The flood breaketh out from the inhabitant
Or, "so that there is no inhabitant" F26; of the mine, as the miner may be said to be, who lives there continually; and, when a flood of water arises, which is an usual thing in mines, he is obliged to flee, and make haste to save his life:
[even the waters] forgotten of the foot;
such as never any foot of man touched, or was acquainted with, being subterraneous water, and never seen with the eye of man before, and who before knew not there were such floods underground F1. A like figurative expression in ( Psalms 137:5 ) ;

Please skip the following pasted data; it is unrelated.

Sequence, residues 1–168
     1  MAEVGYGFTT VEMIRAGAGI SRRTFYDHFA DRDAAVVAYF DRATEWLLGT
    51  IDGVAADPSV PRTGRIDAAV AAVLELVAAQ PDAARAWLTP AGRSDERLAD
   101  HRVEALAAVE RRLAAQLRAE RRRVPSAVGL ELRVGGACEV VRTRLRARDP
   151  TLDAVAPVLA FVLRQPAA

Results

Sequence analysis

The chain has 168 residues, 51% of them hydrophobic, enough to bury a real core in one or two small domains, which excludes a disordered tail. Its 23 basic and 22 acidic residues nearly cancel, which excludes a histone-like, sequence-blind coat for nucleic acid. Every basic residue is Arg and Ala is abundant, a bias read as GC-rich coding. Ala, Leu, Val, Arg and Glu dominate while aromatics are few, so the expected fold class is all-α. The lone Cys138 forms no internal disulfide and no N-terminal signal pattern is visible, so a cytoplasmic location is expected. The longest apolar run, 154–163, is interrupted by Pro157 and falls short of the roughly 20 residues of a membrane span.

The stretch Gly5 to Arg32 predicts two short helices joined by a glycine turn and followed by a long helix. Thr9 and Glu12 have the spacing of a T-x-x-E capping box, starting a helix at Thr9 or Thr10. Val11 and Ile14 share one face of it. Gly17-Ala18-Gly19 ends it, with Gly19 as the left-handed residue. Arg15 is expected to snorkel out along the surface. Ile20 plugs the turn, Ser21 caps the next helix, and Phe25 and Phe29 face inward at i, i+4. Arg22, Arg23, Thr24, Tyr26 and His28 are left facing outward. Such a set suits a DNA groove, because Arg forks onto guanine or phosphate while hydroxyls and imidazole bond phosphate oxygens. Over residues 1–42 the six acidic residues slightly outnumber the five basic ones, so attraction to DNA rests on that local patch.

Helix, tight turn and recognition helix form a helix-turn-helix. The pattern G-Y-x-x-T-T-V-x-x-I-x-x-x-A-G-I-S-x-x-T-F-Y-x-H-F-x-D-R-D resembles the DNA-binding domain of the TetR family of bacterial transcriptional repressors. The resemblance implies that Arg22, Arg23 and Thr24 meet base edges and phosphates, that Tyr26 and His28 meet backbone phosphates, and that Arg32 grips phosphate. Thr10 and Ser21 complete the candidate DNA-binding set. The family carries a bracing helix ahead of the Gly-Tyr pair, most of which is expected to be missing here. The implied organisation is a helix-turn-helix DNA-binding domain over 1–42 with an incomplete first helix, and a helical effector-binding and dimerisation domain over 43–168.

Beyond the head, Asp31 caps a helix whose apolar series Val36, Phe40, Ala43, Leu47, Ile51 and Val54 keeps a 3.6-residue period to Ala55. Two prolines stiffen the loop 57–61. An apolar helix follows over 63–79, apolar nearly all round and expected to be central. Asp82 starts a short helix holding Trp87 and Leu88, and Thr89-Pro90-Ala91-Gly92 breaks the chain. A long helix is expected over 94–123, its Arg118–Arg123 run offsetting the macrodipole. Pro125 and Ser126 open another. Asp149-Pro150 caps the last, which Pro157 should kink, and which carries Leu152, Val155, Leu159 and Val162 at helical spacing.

they are dried up, they are gone away from men;
though such a flood of waters rise apace, and flow in with great force, and threaten the miners' lives, and the ruin of their works; yet they are not discouraged, but by means of engines, pumps, and buckets, and such like things, draw up the waters, and clear the mines of them; and they are gone from the workmen, who return to their work again, and go on with their mining: and so sometimes spiritual miners are interrupted by a flood of Satan's temptations, the world's persecutions, and various afflictions; but, by the assistance of the spirit and grace of God, whereby a standard is lifted up against them, they get clear of them, and receive no hurt by them, but go on cheerfully in the work of the Lord, ( Isaiah 59:19 ) ( Revelation 12:15 Revelation 12:16 ) .
F26 (rg Mem) "qui accolas non fert", Tigurine version; "dimisso accola", Junius & Tremellius, Piscator; "ut non sit accola", Mercerus.
F1 Vid. Senecae Nat. Quaest. l. 5. c. 15.